It would be the first time our daughter would ride the Long Island Railroad without an adult, and my husband and I were completely comfortable with it.
Except things rarely go right on the Long Island Railroad. When I didn’t get a text from anyone well after the hour it should have taken to reach Manhattan, I texted my niece. “There are some delays,” she replied. “They should be here soon.”
I still wasn’t terribly concerned, though I hadn’t heard from my daughter since they’d gotten on the train. Then the house phone rang. It was my husband and he sounded terrified.
“Penn Station is a crowded, chaotic nightmare, no trains are coming in and the girls are somewhere in Queens on an E train with a ‘nice lady’ who said she’d helped them get to Penn,” he said. Apparently he’d gotten a brief call from her about a half hour before but hadn’t heard a word since.
A quick Google search revealed that there was track damage under the East River and trains were not being permitted past Jamaica station.
“Okay,” I first answered, “At least they’re safe.”
Then I felt a little queasy. “But what if they’re not?” I thought. “What if the first time we allowed our daughter to ride the train alone with a friend, something awful happens?” Images of police manhunts and missing children posters flooded my brain. My knees felt weak, my palms sweaty. My heart began to race. Was that kiss on the train platform the last one I’d ever have?
We have worked very hard to foster independence in our children. In this age of helicopter, over-protective parenting, my husband and I have encouraged our kids to take risks and venture out alone. We’ve traveled the world with them, helped them understand the differences in other cultures, given them the opportunities to feel safe in strange cities. In many ways New York City is a home away from home for them; they walk the streets and ride the subways without caution or hesitation. Our daughter went to sleep away camp when she was 7, demanding that she join her older brother and cousins, despite her young age.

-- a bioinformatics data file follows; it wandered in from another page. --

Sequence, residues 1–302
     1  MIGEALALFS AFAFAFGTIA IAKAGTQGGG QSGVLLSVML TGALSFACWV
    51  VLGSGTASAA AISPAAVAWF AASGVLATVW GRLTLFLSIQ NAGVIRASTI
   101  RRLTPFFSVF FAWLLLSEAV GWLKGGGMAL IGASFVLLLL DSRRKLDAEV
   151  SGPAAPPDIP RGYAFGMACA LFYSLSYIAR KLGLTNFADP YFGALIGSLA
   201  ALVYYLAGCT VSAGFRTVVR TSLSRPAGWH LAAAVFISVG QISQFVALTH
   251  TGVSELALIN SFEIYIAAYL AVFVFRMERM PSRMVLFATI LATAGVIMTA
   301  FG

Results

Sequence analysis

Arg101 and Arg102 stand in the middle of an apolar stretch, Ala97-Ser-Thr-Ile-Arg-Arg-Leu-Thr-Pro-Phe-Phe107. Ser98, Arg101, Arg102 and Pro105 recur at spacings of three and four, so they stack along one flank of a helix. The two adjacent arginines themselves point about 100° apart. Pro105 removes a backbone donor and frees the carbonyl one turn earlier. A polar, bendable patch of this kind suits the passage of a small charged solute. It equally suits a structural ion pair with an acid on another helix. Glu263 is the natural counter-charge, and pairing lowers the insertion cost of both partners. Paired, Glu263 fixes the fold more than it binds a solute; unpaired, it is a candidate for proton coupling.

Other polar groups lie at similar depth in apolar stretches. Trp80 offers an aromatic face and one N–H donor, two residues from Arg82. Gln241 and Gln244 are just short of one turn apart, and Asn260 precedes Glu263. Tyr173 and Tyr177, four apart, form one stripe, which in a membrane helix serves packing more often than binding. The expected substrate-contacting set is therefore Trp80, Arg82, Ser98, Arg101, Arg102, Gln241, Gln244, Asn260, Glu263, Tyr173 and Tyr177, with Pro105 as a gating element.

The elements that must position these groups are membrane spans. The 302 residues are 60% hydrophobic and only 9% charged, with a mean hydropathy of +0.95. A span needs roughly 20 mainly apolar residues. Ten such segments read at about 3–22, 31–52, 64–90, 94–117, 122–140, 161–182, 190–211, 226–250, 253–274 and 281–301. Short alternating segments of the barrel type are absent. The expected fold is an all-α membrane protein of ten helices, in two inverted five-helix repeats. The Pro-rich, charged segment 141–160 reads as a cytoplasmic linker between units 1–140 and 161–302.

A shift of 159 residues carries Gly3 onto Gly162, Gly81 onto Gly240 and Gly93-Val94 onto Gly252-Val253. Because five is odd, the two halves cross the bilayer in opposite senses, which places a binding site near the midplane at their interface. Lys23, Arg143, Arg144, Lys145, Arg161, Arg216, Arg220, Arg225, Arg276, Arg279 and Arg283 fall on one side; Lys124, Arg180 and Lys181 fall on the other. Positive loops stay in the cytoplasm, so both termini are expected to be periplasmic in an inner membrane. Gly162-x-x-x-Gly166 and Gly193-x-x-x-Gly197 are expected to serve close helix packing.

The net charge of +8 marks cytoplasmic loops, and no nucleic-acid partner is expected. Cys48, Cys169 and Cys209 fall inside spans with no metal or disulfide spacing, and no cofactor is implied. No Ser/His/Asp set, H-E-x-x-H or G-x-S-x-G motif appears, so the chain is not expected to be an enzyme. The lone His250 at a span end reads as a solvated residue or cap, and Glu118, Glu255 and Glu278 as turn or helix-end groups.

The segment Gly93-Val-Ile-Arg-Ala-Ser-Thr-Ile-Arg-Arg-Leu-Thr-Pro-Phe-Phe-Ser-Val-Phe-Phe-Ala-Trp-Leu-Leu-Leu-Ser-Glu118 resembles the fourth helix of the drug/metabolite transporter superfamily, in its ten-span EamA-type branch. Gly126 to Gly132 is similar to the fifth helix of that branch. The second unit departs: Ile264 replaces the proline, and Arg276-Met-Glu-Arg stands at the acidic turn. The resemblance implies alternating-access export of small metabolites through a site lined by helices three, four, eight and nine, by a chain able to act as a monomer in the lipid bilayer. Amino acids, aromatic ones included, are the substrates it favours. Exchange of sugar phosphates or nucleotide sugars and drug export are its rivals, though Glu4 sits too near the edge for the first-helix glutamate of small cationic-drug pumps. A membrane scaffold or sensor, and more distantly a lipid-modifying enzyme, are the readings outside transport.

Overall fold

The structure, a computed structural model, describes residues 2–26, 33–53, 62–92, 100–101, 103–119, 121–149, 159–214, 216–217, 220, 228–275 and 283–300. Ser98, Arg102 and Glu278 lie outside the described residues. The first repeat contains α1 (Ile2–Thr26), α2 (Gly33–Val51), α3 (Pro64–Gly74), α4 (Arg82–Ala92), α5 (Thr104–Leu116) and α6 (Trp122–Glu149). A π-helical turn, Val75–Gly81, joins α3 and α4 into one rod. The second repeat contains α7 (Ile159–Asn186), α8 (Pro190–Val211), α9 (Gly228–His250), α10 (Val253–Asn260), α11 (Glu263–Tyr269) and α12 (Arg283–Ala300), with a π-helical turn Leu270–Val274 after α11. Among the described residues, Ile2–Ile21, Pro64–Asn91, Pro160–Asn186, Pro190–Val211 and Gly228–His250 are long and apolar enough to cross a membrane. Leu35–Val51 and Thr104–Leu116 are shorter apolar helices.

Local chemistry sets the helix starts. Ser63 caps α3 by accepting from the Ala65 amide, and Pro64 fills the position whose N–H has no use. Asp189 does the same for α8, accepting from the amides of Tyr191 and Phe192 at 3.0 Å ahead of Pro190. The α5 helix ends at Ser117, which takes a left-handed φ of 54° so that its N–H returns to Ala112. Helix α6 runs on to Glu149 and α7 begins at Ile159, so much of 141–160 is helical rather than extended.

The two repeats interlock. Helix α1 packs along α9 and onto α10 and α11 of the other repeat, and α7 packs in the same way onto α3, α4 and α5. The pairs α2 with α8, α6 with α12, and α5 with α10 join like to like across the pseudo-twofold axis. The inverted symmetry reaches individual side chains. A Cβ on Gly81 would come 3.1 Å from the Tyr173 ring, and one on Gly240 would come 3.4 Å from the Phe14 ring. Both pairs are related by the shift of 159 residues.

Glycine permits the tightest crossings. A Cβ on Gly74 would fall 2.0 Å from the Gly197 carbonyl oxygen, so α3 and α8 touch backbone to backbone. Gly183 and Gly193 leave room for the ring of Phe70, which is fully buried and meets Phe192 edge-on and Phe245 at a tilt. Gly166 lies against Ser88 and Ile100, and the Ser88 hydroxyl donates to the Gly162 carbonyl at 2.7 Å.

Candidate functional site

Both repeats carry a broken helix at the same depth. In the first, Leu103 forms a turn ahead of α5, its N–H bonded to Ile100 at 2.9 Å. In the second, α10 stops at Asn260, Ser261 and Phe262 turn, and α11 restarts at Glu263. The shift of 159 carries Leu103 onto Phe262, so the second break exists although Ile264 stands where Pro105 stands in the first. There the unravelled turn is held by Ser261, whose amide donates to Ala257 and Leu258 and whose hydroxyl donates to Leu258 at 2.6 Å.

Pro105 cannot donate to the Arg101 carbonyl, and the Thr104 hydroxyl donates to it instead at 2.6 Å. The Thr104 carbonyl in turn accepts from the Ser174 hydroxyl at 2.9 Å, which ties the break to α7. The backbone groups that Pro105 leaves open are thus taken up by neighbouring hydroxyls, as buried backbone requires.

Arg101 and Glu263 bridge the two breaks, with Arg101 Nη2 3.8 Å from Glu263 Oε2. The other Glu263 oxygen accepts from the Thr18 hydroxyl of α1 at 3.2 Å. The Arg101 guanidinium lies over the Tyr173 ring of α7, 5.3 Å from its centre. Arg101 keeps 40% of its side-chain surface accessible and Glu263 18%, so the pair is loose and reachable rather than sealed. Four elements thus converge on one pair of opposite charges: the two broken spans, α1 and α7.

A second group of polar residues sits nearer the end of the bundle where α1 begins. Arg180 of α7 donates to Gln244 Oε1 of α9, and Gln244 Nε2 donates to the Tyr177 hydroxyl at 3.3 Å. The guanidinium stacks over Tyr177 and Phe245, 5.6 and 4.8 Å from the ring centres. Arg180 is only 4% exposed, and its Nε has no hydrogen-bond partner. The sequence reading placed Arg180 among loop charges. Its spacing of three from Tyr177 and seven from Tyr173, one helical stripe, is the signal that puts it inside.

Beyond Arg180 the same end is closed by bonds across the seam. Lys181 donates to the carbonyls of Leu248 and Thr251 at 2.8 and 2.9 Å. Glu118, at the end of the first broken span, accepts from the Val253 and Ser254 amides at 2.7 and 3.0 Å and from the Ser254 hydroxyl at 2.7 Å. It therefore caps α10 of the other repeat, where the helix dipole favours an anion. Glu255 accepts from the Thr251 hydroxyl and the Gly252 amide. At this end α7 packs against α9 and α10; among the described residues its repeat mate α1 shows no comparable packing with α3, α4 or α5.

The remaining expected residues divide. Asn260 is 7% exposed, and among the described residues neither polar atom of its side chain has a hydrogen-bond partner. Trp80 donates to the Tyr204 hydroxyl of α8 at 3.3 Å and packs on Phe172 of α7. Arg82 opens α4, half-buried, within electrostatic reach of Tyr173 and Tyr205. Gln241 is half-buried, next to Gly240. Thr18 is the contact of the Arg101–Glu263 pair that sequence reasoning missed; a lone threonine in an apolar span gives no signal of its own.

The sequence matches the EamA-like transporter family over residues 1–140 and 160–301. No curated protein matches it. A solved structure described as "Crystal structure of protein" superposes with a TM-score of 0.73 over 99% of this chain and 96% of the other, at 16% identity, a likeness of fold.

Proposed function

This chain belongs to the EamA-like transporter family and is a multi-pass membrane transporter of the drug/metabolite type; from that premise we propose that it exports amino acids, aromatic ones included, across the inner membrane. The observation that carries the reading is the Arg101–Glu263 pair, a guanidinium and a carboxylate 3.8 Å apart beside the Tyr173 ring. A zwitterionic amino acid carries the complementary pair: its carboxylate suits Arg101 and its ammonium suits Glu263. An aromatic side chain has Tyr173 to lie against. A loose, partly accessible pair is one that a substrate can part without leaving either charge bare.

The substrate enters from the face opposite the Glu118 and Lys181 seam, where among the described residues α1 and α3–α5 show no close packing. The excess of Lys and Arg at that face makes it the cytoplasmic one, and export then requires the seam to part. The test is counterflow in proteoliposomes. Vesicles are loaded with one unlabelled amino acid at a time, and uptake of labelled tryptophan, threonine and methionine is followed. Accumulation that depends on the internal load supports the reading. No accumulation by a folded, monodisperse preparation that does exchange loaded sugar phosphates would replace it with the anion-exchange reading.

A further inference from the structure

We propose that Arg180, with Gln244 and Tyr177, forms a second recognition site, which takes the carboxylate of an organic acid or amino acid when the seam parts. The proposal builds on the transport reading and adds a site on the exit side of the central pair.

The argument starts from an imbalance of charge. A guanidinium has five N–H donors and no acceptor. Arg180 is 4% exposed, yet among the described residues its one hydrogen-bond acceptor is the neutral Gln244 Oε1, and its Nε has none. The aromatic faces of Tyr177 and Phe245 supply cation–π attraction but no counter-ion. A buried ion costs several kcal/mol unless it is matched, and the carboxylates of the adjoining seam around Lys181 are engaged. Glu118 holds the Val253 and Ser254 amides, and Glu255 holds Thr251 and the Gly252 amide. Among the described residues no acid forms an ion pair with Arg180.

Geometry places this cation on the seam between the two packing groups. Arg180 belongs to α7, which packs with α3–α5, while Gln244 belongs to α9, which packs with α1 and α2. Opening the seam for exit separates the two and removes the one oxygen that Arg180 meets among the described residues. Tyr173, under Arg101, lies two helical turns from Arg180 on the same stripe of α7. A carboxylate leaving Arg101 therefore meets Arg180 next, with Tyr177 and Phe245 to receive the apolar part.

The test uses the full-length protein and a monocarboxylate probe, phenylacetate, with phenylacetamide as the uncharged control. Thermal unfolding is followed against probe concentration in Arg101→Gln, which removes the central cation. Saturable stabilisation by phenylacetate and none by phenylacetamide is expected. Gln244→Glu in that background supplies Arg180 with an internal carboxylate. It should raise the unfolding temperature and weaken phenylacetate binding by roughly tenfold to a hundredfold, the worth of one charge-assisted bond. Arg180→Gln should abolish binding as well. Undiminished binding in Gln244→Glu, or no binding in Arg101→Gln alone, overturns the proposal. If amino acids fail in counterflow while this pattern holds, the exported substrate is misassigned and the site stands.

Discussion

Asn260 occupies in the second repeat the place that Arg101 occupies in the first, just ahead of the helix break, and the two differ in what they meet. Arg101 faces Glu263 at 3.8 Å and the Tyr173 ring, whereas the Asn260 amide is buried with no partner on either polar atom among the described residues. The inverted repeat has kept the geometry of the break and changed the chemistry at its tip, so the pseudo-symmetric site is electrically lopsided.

So when the mother of the first girl my daughter invited to the concert told me that she didn’t feel safe allowing her daughter to go, explaining that she’s “old-fashioned,” I respectfully demurred.
Too often we stifle healthy growth and independence under the guise of keeping our children safe. I want my kids to have the confidence to explore the world; controlling their safety is really just an illusion. I rode the LIRR with friends when I was 15; why shouldn’t my daughter?
But what if I’d been wrong? Logic dictated that the girls would be fine, that it was ridiculous to think that anything could have happened. But fear isn’t logical. It feeds on you and destroys any rational thought you cling to in the moment.
The whole incident lasted no more than 15 minutes. Seems silly now, but for that brief time, I considered the possibility that I might never see my child again. I got a second call from my husband and could hear the girls giggling in the background.
“Everything’s fine. They’re here and we’re gonna grab a bite to eat,” he said, his voice once again calm and steady. “Were they scared?” I asked. “Nope. They had a little adventure,” he chuckled.
Later, as I kissed her goodnight, I asked my daughter if she and her friend were ever worried or frightened.
“No mom, not at all,” she told me. “We were fine. We did what you always tell me to do. We found a mom like you who stayed with us until we got to Penn. Honestly, I don’t know why you and dad were freaking out, it was no big deal!”
Of course she doesn’t. She can’t yet understand that intense love a parent has for a child, the kind of love so fierce, it physically hurts. And she also doesn’t know the potential for loss that lurks somewhere in the back of every parent’s mind every once in a while.
She doesn’t and shouldn’t know. And the next time it’s appropriate, I’ll let her take the train again. Because what’s the alternative?
You might also be interested in: